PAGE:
Years ago I read a book in which the main characters got married on Thanksgiving. They reasoned that it would be easy to remember their anniversary that way; they would simply toast themselves over Thanksgiving dinner, and not worry over the specific date. Over the years, I’ve used this method of benchmarking life events when the specific date isn’t necessary. It frees my brain to remember other things. For example, I graduated from college the day before Mother’s Day, and I need to renew my driver’s license during presidential election years.
And ten years ago, on the third Thursday of March, I attended my first meeting of the National Association of Professional Organizers (NAPO). I had been researching and considering this field, and the next step was to spend an evening with the pros in the greater Philadelphia region. The chapter warmly welcomed me, even applauding me when I shared that the following day would be my last at a corporate job.
Like any entrepreneur, I’ve had a wild assortment of bumps and successes along the way. Here are a few things I wish I’d believed the first time my business tried to teach me:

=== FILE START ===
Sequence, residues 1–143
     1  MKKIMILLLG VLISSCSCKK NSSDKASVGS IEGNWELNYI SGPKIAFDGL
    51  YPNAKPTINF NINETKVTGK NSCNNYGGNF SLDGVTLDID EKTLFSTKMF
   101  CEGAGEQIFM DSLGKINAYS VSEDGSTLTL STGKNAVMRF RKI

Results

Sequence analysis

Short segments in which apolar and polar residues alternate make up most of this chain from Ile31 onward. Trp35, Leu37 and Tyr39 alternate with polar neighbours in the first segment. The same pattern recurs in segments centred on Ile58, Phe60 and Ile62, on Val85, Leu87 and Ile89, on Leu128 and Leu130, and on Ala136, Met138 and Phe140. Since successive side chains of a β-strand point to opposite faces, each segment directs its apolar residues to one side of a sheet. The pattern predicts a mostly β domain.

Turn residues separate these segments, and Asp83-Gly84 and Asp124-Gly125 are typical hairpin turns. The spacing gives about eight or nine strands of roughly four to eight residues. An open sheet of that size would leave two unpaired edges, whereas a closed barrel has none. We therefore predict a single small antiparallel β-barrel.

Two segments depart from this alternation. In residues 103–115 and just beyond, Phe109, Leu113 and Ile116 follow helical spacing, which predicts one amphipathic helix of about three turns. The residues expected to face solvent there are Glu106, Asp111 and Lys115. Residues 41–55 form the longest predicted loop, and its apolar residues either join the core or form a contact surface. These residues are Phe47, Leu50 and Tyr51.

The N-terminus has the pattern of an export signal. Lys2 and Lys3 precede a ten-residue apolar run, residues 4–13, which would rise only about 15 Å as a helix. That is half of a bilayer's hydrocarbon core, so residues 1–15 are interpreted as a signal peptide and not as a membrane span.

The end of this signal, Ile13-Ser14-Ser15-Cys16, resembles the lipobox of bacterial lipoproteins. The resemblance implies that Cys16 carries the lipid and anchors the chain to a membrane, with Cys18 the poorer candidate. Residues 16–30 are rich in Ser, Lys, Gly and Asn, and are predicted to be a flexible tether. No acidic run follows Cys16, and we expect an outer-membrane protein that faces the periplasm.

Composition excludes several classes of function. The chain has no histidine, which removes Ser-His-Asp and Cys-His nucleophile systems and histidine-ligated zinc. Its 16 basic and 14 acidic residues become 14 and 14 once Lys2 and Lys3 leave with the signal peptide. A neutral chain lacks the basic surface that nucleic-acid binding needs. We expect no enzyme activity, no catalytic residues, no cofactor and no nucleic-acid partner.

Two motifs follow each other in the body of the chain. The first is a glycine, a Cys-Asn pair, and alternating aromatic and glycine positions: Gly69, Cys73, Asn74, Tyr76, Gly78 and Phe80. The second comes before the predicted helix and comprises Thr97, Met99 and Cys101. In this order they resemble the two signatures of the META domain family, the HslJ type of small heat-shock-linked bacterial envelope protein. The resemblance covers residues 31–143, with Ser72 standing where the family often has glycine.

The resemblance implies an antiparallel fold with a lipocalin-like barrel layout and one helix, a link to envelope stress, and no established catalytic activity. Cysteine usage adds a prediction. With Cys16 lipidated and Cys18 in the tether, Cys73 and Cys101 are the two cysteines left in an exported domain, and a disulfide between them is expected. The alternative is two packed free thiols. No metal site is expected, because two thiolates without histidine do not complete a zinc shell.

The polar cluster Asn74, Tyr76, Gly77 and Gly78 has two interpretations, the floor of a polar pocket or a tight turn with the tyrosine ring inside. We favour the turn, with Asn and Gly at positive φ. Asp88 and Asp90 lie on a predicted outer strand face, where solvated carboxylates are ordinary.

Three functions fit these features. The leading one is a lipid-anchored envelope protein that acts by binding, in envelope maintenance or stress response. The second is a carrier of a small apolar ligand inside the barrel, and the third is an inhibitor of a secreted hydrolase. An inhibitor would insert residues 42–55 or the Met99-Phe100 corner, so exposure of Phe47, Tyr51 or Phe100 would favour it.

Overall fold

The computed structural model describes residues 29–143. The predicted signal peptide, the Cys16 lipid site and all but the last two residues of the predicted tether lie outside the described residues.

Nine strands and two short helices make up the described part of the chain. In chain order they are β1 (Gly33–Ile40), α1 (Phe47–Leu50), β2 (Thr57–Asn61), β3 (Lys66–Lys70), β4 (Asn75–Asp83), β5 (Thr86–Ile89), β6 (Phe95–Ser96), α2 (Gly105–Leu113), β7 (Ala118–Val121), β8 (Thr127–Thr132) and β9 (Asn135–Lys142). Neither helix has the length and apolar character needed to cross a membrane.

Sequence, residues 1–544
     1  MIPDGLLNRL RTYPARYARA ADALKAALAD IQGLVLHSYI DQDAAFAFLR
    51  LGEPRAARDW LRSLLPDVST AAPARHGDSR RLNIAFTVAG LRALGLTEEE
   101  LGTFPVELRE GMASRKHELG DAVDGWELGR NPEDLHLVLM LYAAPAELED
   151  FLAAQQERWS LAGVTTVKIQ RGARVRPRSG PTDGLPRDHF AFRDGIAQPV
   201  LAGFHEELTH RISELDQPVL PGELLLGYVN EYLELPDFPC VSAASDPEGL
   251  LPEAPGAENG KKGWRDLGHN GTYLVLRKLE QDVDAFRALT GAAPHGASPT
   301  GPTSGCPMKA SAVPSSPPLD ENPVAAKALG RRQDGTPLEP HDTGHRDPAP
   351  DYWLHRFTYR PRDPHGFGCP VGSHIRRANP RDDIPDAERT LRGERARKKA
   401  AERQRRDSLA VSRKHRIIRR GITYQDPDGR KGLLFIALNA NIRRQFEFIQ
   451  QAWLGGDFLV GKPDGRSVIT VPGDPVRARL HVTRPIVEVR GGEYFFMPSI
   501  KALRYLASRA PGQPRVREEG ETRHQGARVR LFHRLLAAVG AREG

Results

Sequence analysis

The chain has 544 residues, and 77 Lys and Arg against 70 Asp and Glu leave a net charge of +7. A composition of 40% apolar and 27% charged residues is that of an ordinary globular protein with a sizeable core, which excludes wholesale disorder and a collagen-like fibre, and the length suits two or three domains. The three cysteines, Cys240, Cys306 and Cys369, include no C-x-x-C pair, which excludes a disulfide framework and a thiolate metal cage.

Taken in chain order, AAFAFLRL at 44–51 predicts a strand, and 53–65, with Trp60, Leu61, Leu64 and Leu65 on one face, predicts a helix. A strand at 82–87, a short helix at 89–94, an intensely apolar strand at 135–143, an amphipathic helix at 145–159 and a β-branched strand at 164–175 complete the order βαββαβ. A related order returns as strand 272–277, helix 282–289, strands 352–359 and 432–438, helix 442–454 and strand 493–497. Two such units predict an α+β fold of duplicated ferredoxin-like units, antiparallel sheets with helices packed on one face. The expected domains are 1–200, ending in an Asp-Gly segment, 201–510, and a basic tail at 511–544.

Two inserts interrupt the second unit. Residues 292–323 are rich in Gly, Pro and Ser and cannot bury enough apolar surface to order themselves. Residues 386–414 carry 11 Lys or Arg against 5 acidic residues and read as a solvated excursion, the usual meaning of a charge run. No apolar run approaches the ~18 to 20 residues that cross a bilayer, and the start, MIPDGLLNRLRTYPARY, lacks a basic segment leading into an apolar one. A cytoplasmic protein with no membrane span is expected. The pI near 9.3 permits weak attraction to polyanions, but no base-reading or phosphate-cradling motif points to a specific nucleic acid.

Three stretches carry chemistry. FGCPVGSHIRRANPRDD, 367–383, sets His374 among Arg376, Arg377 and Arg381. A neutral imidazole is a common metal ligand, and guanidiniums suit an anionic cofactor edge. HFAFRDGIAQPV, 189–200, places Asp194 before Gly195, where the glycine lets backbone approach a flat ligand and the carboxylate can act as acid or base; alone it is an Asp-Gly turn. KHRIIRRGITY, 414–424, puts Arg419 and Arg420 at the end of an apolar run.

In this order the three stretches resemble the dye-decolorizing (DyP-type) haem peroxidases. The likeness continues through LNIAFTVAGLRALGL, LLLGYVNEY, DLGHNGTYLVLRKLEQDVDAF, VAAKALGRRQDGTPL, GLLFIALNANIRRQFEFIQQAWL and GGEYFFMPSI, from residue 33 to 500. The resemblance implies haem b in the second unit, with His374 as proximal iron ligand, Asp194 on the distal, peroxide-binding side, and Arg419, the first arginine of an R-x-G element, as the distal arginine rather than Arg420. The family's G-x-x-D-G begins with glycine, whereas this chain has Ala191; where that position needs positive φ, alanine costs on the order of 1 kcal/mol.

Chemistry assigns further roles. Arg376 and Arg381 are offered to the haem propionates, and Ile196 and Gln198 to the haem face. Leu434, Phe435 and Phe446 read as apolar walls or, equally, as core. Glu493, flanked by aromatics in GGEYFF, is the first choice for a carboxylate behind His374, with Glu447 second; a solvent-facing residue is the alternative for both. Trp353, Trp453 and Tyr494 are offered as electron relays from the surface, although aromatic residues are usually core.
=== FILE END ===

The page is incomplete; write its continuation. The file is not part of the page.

Make mistakes. Inactivity will kill a business, which means that the inertia of perfectionism is a death sentence. Keep moving. The faster you make mistakes, the faster you learn, and the faster you’ll be on to something better. I still struggle with this every single day. The next time I’ll have to overcome fear of making a public mistake? At the end of this article when I post it for you to read. This is a daily challenge for any entrepreneur who values delivering quality. Which is approximately 100% of us.
Hire the talent you lack. We’re all great at some things, and we all celebrate learning new skills. But sometimes the additional time to master a new discipline just distracts us from our calling. I’ve hired an accountant, graphic designer, and a photographer. I even hired one of my organizing colleagues when my business went through a growth spurt and I knew she’d be able to spot my inefficiencies faster than I could. Each time, the investment saved me far more than it cost.
Take the long view. Short term challenges and investments often yeild long term benefits. Five years ago I put my business on hold when my mother was diagnosed with a terminal illness. I did virtually no marketing, and resigned myself to accept the inevitable decline in business. But something unexpected happened. Clients continued to trickle in, some of them even putting considerable effort into getting my attention at that challenging time. The end result was fewer clients on my roster, but they were committed, long-lasting, and a joy to work with. That experience still helps me keep perspective during slow times, and focus on the longer arc of my business.
There are different dates that others may consider my business anniversary, but on my calendar my career and my life changed course on the third Thursday of March, 2005. Thank you for supporting me in my first decade as the Lehigh Valley’s green professional organizer.